International Jazz Day's Global Celebrations Are On, And Again Online April 30 will bring the International Jazz Day All-Star Global Concert, with artists from across the world taking part in another digital edition of the show, in addition to several other events.
NPR logo International Jazz Day's Global Celebrations Are On, And Again Online

International Jazz Day's Global Celebrations Are On, And Again Online

Herbie Hancock, speaking to high school students in the State Dining Room of the White House during President Obama's celebration of International Jazz Day on April 29, 2016. Alex Wong/Getty Images hide caption

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Alex Wong/Getty Images

Herbie Hancock, speaking to high school students in the State Dining Room of the White House during President Obama's celebration of International Jazz Day on April 29, 2016.

Alex Wong/Getty Images

Last year, the International Jazz Day All-Star Global Concert affixed a hopeful coda to the cruelest of months. And for pandemic precautionary reasons, the event was fully virtual, with a carefully produced montage of performances and salutations from around the world. This year's International Jazz Day arrives at quite a different moment, in some respects — though still a good distance from a post-COVID reality.

So the All-Star Global Concert will again take place online, with a live webcast on YouTube and Facebook, starting at 5 p.m. ET on April 30. The feed will also be carried at jazzday.com, and on the websites of UNESCO, the U.S. State Department and United Nations Web TV.

Pianist Herbie Hancock, who presides over International Jazz Day in his dual capacity as UNESCO Goodwill Ambassador and chair of the Herbie Hancock Institute of Jazz, will appear in the presentation alongside other artists in Los Angeles, including singers Dianne Reeves, Dee Dee Bridgewater and Andra Day. From New York, the list of performers includes pianists Cyrus Chestnut, Amina Figarova and A Bu; singers Roberta Gambarini and Veronica Swift; and saxophonists Joe Lovano, Kenny Garrett, Rudresh Mahanthappa and Melissa Aldana.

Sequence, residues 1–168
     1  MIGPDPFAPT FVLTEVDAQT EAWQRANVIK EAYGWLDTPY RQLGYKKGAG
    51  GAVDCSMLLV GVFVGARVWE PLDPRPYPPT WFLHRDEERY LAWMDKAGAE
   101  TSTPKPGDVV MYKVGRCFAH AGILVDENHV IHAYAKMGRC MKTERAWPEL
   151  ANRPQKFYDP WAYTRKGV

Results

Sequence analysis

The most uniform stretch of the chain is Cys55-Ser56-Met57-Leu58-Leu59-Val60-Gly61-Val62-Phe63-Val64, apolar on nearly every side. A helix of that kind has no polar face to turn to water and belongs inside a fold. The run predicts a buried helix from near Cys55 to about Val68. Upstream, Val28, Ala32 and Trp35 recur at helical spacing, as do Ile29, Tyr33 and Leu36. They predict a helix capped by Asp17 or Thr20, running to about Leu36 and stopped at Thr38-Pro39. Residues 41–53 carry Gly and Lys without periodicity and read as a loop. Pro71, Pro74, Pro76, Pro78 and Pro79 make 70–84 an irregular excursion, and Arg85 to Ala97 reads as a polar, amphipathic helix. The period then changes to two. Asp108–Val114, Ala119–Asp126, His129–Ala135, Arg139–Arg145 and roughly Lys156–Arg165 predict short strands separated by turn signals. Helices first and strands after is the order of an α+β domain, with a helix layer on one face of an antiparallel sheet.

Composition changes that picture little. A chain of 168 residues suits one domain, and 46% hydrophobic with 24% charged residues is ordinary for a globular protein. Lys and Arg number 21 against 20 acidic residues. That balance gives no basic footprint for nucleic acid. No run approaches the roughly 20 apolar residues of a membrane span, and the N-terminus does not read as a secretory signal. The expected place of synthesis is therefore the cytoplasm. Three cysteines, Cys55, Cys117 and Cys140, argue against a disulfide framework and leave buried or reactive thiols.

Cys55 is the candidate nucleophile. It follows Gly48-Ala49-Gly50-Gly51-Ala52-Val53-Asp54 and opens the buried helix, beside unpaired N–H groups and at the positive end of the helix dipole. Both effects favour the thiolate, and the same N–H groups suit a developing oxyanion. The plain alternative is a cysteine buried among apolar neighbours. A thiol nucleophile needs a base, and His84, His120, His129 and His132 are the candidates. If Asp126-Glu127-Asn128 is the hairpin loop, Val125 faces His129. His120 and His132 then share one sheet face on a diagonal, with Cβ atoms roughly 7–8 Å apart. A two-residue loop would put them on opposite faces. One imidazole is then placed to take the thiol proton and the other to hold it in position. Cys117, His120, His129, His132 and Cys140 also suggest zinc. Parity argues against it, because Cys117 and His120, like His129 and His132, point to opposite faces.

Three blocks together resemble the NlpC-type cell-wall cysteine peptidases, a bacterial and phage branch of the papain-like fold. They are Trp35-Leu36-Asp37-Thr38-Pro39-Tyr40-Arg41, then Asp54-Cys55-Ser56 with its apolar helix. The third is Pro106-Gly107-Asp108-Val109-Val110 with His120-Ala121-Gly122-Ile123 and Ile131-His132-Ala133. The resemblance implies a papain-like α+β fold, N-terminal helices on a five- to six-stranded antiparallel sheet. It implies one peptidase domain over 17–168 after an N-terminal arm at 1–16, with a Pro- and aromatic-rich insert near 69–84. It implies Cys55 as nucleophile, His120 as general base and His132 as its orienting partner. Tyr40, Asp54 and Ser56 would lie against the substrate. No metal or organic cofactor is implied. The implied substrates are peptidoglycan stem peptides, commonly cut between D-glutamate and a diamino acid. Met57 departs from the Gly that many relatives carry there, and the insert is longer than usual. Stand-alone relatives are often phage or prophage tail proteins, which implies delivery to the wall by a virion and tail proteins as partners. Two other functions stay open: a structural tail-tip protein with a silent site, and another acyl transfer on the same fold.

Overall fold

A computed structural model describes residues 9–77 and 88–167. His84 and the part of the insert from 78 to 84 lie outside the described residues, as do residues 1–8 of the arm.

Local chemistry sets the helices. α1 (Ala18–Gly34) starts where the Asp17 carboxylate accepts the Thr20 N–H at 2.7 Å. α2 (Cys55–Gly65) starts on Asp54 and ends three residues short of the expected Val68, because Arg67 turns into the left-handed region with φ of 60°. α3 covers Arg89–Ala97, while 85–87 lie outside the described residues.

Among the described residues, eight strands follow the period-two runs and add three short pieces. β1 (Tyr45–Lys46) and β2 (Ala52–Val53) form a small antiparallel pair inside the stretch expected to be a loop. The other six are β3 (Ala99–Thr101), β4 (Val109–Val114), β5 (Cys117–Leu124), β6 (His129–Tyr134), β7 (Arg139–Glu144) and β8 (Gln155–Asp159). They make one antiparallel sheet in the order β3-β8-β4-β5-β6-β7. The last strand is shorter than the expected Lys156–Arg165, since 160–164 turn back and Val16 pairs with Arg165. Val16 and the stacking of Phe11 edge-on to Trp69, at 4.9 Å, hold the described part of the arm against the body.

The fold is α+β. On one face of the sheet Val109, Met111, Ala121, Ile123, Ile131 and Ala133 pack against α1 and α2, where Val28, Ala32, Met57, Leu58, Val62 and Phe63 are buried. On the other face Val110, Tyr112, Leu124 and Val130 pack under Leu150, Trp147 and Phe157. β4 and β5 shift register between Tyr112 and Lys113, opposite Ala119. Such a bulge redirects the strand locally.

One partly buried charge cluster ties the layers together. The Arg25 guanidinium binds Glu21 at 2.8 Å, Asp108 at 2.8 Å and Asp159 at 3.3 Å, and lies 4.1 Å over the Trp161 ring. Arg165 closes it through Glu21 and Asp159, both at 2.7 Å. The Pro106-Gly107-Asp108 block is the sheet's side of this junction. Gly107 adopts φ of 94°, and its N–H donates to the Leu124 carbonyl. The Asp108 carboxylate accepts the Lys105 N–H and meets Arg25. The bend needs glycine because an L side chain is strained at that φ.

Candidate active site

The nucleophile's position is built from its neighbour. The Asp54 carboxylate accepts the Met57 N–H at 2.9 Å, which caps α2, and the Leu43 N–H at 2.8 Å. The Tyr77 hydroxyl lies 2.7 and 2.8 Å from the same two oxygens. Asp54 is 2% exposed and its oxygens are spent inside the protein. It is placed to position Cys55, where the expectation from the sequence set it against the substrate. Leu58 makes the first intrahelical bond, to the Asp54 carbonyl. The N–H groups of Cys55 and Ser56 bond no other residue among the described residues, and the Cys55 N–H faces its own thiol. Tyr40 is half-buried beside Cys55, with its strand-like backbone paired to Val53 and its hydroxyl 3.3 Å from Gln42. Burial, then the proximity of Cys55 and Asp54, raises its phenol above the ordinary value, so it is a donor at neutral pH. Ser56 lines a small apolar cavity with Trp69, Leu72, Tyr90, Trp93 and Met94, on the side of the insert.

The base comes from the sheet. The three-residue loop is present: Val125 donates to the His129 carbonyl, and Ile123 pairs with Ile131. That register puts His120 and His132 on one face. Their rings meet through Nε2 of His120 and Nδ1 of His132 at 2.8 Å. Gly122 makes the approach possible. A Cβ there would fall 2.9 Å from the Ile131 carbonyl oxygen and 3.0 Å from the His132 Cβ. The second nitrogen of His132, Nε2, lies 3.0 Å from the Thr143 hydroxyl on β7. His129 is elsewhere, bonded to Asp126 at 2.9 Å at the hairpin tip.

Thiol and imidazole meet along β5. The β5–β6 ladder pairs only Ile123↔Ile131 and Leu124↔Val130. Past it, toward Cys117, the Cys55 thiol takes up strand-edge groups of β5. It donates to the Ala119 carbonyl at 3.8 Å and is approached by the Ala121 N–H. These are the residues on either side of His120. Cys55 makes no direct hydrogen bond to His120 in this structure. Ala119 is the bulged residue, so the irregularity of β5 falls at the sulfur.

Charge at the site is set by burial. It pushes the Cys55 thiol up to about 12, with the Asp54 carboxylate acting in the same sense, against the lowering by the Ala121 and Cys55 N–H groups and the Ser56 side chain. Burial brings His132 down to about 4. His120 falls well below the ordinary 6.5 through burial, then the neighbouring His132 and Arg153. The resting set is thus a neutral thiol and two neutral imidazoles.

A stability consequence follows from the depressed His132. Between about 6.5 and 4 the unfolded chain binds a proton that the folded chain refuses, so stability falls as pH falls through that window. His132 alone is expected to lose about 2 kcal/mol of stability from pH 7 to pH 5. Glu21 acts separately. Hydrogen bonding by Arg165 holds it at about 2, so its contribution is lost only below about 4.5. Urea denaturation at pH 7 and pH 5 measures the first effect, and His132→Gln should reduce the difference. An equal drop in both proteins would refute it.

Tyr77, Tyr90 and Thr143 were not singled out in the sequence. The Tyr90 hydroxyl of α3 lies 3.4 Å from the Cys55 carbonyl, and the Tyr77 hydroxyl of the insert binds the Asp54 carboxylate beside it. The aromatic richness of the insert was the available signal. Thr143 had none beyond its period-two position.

Among the other participating artists worldwide are vocalist Ivan Lins, from Rio De Janeiro, Brazil; saxophonist Igor Butman, from Moscow, Russia; Mandisi Dyantyis, from Cape Town, South Africa. Singer Angélique Kidjo, originally from Benin, will contribute a performance from UNESCO headquarters in Paris. And in the hours leading up to the All-Star Global Concert, UNESCO and the Hancock Institute will stream a series of online workshops and panels at jazzday.com. (I'm moderating one of these: a conversation about film scoring with Hancock and Kris Bowers.)

"Our International Jazz Day community has displayed incredible resilience, creativity, ingenuity and compassion throughout the immense challenges of the past year," Hancock says in a statement. "While the global pandemic continues to make life difficult for so many around the world, the example of organizers from Nepal to Mexico to Cameroon inspires us to greet this historic 10th Anniversary milestone with joy, courage and hope for the future of jazz."

That anniversary has occasioned additional programming: a two-hour special on PBS stations nationwide, at 9 p.m. EDT. Presented by WTTW Chicago, the program will feature a highlight reel of past Jazz Day concerts and other activity around the world, in locales including Istanbul, Havana, Melbourne and Osaka. The retrospective, featuring performances by the likes of Aretha Franklin and Stevie Wonder, will serve as a marker of all the terrain covered during a decade of Jazz Day celebrations — and an implicit promise about the road ahead.